Change management is an important adjunct to risk management as it can limit risk exposure.
Risk management (contingency planning) involves understanding and planning for any number of possible negative scenarios. Identifying potential risks early and then developing appropriate strategies can prevent or mitigate negative impacts.
The source of risk can be external or internal:
- external – anything outside your organisation’s influence like challenges, e.g., geo-political, industry, technological, socio-economic, etc.
- internal – anything inside your organisation like staff, work conditions, skill levels, business model, products and services, etc.
Two approaches to change management can help evaluate and handle risk:
- Tangible or analytical competencies – include techniques like Porter’s 5 forces, value chain, PESTLEC, SWOT, life-cycle, scenario planning, benchmarking, VUCA, and more.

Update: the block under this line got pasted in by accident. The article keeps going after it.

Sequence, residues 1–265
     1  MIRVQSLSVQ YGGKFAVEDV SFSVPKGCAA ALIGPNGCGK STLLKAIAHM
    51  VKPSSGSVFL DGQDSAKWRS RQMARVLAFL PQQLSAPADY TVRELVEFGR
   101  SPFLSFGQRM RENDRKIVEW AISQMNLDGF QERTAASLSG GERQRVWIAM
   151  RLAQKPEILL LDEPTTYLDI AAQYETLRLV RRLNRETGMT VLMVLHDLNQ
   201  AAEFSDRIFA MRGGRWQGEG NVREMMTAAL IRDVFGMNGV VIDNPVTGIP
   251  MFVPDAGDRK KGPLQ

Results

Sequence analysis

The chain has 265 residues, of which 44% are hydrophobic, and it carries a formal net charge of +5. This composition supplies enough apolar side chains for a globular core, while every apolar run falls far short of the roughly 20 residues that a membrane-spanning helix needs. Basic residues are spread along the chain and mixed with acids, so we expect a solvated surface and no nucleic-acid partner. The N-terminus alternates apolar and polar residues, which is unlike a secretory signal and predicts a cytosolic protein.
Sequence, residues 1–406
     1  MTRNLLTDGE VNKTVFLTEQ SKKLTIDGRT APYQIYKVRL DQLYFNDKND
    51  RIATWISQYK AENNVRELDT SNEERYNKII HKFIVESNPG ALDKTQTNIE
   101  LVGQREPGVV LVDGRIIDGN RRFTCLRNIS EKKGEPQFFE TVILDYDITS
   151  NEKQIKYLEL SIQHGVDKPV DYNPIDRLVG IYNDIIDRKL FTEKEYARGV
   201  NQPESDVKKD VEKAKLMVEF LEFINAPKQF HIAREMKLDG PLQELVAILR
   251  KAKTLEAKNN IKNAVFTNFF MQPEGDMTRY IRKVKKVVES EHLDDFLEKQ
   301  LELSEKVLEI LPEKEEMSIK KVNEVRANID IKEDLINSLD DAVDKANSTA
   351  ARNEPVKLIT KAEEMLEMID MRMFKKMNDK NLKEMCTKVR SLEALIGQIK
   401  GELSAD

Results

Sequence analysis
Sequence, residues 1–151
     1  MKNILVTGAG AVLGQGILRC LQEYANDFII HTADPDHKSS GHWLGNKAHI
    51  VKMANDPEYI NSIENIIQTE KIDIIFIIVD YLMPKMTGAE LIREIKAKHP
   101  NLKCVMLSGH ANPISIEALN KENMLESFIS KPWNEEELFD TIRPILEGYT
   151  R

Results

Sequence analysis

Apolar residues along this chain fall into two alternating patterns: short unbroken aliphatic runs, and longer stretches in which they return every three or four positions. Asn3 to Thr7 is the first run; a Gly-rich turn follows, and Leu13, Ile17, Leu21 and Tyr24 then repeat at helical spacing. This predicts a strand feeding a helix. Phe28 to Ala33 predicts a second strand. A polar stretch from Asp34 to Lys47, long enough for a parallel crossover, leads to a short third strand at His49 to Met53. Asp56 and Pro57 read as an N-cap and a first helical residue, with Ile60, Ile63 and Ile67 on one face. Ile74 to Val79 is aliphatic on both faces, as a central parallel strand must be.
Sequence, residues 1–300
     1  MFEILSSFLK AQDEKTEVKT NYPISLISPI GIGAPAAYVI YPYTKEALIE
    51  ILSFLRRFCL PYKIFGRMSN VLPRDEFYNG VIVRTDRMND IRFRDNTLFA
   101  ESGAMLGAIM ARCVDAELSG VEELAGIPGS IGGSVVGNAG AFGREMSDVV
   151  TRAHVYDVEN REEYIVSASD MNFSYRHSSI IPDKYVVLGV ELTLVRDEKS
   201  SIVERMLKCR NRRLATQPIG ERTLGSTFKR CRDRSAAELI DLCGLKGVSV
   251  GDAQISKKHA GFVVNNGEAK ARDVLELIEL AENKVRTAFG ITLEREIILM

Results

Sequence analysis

- Intangible or people competencies – include the understanding of soft skills like behaviours, motivation & persuasion, emotional intelligence, neuroscience (how the brain works), evolutionary psychology, human instincts, resistance, cultural issues, communications, creativity, mindsets, biases, beliefs, values, co-designing, humans as social creatures, leadership, collaboration, alignment, etc.
Of these 2 approaches, the intangible is often neglected yet it is very important: research has indicated the people elements of change management contribute around 70% to the chance of success. However, only 3% of investment is typically put into the people side of change management, with the rest going into tangible areas (Prosci, 2022).
In business, awareness of the interplay of change and risk management is a vital advantage.
“…risk mitigation means getting on with it and not missing opportunities. In today’s world, not adapting fast enough is the greatest risk…” (John Kotter et al, 2021)
For more detail on this topic, try visiting the online knowledge base for organisational change management here: https://www.billsynnotandassociates.com.au/knowledge-base.html)